Zero Tolerance Per Se Marijuana Laws
Zero Tolerance Per Se Marijuana Law
Ohio adopted a “Zero Tolerance Per Se Marijuana Law.” It is the harshest and least effective method of enforcement. To demonstrate how Ohio approached DUIM (driving under the influence of marijuana) let’s look at how other states have approached the issue.
Current laws in the United States prohibiting driving under the influence of marijuana fall into one of three categories.
Many states prohibit driving under the influence of marijuana (or any drug) to the degree that one cannot safely operate a vehicle, or some other effect-based language. This is the approach used by the vast majority of states. Coincidentally, it makes the most sense.
Per Se Laws
Next are the per se states. These states prohibit driving with detectable levels of cannabinoids or their metabolites in the driver’s blood or urine, above a threshold amount set by statute. Like the .08 blood alcohol content (BAC) or breath alcohol content (BrAC), the actual impairment of the driver is not relevant.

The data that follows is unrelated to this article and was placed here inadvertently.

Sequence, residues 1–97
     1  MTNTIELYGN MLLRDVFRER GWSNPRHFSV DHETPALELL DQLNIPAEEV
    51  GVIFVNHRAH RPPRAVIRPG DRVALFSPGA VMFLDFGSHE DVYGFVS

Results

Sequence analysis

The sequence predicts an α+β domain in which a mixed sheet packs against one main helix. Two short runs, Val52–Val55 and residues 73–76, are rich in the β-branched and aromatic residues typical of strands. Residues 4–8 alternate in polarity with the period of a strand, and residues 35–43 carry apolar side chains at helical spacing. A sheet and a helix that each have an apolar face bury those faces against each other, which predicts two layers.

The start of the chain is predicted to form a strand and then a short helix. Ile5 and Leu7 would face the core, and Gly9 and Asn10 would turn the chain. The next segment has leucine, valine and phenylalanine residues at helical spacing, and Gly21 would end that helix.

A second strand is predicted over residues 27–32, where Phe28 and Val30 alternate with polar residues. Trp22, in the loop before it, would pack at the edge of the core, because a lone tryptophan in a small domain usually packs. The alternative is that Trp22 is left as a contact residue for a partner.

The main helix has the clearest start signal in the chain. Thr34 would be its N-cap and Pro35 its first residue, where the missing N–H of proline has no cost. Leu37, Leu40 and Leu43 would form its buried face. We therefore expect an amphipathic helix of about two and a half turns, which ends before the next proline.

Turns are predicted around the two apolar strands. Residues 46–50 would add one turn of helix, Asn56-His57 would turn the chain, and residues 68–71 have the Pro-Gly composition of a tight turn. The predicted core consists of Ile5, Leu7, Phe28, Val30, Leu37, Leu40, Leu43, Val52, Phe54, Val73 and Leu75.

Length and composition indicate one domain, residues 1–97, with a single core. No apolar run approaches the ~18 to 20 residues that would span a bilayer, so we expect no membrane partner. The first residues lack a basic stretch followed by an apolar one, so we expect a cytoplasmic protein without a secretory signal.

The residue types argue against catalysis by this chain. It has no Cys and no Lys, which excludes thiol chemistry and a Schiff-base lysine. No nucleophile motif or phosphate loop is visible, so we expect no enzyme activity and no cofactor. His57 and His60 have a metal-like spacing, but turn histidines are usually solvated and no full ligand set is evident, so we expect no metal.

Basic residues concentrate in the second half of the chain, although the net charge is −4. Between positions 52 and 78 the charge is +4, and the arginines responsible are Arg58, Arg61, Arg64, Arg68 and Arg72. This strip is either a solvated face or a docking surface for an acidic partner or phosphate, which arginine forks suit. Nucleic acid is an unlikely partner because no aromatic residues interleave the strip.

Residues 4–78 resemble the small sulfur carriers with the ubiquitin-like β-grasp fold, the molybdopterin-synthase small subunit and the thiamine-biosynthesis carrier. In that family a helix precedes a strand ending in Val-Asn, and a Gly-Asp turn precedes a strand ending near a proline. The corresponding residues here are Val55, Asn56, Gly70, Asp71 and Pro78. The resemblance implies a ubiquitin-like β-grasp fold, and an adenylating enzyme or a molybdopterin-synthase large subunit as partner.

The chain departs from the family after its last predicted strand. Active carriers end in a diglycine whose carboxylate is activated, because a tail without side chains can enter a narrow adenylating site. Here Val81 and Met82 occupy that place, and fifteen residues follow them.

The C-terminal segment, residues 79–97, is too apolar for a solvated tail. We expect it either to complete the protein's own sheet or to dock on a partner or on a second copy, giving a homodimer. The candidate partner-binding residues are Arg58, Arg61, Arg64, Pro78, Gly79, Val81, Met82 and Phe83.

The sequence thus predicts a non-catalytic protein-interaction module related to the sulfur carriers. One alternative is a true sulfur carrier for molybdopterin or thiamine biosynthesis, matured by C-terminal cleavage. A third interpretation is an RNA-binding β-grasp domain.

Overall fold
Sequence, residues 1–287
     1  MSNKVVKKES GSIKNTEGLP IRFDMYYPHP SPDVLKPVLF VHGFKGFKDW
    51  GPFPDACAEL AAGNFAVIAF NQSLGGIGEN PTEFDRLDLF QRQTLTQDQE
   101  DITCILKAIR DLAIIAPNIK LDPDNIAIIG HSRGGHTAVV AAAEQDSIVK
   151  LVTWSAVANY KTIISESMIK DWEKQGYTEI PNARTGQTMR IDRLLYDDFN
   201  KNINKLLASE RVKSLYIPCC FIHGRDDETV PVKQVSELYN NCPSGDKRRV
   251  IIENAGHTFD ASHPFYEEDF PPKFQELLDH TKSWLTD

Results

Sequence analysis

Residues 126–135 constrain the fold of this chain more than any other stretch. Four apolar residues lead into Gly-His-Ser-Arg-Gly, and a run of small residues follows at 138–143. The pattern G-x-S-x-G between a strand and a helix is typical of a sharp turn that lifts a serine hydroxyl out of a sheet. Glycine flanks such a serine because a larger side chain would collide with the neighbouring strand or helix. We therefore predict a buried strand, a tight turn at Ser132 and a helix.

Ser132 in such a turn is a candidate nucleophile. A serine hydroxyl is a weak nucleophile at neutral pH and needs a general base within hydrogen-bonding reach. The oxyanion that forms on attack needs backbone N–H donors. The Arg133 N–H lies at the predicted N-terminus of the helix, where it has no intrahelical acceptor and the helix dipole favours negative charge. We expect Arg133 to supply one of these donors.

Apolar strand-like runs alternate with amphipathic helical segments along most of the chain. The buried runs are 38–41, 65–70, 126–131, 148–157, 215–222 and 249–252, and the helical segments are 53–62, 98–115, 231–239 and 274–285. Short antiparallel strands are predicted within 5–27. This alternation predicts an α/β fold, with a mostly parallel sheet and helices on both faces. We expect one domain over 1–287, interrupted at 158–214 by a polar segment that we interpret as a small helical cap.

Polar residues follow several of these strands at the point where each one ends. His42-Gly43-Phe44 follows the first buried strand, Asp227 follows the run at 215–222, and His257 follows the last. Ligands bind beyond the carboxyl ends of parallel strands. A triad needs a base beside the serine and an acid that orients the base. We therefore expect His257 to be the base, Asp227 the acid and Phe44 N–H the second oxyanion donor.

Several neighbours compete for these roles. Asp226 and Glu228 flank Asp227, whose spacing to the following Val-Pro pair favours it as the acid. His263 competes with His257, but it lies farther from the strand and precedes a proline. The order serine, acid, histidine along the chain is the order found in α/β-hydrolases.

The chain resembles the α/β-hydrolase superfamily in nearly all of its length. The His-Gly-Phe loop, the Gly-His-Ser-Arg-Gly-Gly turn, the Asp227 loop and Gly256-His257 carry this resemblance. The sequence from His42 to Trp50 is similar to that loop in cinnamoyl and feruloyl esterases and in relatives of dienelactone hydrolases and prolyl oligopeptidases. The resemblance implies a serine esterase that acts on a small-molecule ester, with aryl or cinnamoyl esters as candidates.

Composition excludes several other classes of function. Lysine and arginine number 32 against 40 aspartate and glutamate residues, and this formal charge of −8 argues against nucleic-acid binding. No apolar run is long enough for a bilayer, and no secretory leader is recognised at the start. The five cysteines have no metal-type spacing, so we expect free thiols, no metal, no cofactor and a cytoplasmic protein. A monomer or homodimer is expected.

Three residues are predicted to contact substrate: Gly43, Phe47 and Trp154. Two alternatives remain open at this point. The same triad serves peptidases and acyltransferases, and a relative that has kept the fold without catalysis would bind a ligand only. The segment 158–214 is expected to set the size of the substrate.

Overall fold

Ohio: Zero Tolerance Per Se Marijuana Law
The third category is the zero tolerance per se marijuana laws. In these states, like Ohio, it is illegal to drive with any detectable amount of cannabinoids or their metabolites in the blood or urine. A disturbing number of states have adopted such laws. This, despite the fact that the National Transportation Safety Board has stated there exists no evidence that zero tolerance laws reduce impaired driving. Whether a driver is actually impaired is largely irrelevant in the states that have adopted per se legislation.
It is a valid defense if a person obtained the controlled substance pursuant to a prescription. The prescription must be issued by a licensed health professional authorized to prescribe drugs. You must inject, ingest, or inhale the controlled substance in accordance with the health professional’s directions. Id. § 4511.19(K)(1)-(2). NOTE: A doctor’s recommendation to use cannabis is NOT a prescription.